My Scandinavian companions were encouraged by the Christian consensus on ecological threats as well as other key social issues like immigration reform, fair trade and debt cancellation for struggling nations. Fear of strangers, particularly Muslim immigrants, has been a pressing concern in places like Copenhagen, where the publication of 12 cartoons depicting the prophet Muhammad in September 2005 sparked protests around the world. One of my companions, Kahn, the successful owner of a software company who immigrated 20 years ago to Finland from Vietnam, openly acknowledged his apprehensions about the high Muslim birthrate across Europe. Sister Suzanne, a member of the Josephite congregation who has worked for more than two decades in youth ministry, shared her difficulties in fostering attitudes of tolerance and respect among young people who feel as if their own Scandinavian culture is slowly disappearing. Stefan, the youngest in our group, told of his struggles to convince his university classmates that Catholic resources can help to resolve tensions in a Europe that is paradoxically fracturing culturally just as it is uniting politically. Despite these anxieties, the final communiqué in Sibiu recommended that the participating churches and their leaders offer better pastoral care for migrants, asylum seekers and refugees and promote the rights of ethnic minorities in Europe, particularly the Roma people.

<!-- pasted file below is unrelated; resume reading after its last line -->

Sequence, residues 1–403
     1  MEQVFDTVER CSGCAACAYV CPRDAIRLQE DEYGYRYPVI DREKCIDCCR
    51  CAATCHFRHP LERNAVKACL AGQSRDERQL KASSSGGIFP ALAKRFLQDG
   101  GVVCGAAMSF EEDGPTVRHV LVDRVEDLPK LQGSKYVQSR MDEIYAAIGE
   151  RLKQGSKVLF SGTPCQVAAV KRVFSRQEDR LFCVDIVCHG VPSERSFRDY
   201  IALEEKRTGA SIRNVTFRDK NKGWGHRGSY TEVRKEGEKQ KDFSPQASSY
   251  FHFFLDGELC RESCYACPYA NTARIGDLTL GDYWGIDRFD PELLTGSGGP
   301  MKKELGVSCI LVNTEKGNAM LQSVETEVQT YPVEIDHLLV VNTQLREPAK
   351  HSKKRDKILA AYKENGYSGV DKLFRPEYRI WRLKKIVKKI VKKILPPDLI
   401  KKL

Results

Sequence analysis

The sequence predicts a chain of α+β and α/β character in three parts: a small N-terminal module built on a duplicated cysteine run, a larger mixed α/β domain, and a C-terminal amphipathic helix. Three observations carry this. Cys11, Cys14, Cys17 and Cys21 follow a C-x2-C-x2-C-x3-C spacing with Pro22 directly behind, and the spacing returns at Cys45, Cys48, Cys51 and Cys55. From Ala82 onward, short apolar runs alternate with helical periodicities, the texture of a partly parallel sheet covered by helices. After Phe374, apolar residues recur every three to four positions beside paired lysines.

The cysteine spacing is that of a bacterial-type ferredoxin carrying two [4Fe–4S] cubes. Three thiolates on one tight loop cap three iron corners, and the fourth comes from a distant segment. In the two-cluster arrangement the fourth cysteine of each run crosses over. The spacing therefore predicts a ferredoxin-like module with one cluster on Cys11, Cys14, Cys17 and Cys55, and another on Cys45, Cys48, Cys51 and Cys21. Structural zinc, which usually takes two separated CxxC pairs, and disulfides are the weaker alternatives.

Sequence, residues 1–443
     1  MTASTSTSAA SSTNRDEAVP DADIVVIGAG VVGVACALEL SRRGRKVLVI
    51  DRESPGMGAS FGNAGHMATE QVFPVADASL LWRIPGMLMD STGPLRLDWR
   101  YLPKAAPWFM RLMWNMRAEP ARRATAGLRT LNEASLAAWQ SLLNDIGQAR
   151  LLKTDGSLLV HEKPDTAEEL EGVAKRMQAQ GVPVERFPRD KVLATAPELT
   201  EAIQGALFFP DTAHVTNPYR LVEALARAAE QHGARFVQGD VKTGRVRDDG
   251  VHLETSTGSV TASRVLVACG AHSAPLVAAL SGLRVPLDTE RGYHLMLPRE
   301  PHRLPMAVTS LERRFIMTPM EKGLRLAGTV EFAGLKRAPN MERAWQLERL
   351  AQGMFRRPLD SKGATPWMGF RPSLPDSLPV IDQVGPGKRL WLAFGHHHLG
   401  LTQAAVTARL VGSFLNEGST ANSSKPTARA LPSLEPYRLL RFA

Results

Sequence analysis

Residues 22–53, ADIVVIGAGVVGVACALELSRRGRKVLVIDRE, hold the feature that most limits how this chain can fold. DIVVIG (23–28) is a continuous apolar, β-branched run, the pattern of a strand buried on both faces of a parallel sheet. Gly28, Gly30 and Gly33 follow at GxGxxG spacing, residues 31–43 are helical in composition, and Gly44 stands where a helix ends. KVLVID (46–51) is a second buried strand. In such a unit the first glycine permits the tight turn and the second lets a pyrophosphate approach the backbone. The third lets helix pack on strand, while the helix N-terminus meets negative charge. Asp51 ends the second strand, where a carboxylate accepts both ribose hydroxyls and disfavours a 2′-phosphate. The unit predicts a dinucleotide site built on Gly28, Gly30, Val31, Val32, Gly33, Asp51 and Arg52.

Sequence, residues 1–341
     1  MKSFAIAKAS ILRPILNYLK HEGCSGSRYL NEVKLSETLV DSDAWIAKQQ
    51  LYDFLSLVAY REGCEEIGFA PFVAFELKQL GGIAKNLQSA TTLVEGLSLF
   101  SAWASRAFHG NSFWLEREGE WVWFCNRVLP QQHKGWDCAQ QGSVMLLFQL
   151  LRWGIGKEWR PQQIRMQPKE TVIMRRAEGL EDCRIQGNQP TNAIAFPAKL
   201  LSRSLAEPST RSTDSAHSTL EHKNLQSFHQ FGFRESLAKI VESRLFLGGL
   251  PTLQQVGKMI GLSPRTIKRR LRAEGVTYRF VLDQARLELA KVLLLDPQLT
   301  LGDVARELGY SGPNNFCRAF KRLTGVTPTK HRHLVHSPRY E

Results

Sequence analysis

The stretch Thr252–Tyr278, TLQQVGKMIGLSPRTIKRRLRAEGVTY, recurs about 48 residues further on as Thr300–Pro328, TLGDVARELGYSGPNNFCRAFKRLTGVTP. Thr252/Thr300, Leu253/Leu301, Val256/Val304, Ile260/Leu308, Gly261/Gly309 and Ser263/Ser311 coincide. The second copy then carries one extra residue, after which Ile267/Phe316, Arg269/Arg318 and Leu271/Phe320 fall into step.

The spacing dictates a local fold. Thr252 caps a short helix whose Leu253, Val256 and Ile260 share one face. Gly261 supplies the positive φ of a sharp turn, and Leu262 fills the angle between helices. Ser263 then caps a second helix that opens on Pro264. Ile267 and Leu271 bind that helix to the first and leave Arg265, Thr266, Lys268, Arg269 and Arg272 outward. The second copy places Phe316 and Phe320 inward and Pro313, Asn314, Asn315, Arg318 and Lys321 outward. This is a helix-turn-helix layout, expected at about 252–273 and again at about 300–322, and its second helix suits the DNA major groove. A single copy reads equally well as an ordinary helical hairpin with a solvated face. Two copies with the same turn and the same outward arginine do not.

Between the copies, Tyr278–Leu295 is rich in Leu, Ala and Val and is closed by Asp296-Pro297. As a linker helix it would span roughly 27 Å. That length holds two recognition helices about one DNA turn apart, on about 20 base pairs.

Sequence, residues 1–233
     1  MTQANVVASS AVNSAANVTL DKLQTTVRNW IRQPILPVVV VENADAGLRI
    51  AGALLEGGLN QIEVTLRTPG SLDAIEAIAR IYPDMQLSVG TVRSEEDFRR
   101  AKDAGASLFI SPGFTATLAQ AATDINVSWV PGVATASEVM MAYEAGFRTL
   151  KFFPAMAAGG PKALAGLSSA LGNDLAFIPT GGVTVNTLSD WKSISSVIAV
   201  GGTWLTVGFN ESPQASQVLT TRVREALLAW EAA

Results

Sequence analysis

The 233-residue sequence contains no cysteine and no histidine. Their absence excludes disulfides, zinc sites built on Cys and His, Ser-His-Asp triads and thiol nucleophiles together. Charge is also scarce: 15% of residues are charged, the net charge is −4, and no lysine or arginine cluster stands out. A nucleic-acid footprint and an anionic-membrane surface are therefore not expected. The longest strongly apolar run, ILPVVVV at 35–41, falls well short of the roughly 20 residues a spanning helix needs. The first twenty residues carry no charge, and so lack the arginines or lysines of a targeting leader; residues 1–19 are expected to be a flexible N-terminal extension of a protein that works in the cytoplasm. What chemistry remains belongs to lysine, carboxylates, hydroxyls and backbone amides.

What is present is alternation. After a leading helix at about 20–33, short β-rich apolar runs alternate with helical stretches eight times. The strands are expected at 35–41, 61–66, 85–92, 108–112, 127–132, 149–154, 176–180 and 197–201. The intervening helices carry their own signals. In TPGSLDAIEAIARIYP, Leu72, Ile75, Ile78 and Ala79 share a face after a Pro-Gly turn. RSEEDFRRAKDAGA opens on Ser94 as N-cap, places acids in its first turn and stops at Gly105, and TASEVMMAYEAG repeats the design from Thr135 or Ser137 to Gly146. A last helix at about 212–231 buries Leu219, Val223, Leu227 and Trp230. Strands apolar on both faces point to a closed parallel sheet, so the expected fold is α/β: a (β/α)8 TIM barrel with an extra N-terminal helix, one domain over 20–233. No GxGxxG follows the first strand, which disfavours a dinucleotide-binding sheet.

In addition to the social and political challenges facing the churches, the assembly also focused on spiritual and theological ways of overcoming confessional divisions. Why dont we share our buildings with one another, since our congregations are getting so small in many parts of northern Europe? asked one retired Reformed pastor from Scotland in a small group discussion I facilitated. Delegates from the Reformation traditions also pushed hard in the plenary sessions for a resolution encouraging the churches to study and adopt a new policy on mutual recognition of baptism. The final communiqué took up this recommendation, while recognizing that the question is deeply linked to an understanding of Eucharist, ministry, and ecclesiology in general.

No Cozy Ecumenism

In his opening-day address, Cardinal Walter Kasper acknowledged that many in the assembly felt hurt by the document from the Congregation for the Doctrine of the Faith of June 29, 2007, that repeated Catholic teaching that Protestant communities are not churches in the proper sense. Reactions to the document had been heated during the summer and threatened to cast a pall over the Catholic presence in Sibiu. Cardinal Kasper, who heads the Vaticans Pontifical Council for Promoting Christian Unity, admitted that the document had strained relations between Catholics and partners from the Reformed and Lutheran traditions. I am not unaffected by it, either, said Kasper. I, too, had problems with it, for the hurt and pain of my friends is my hurt and pain as well.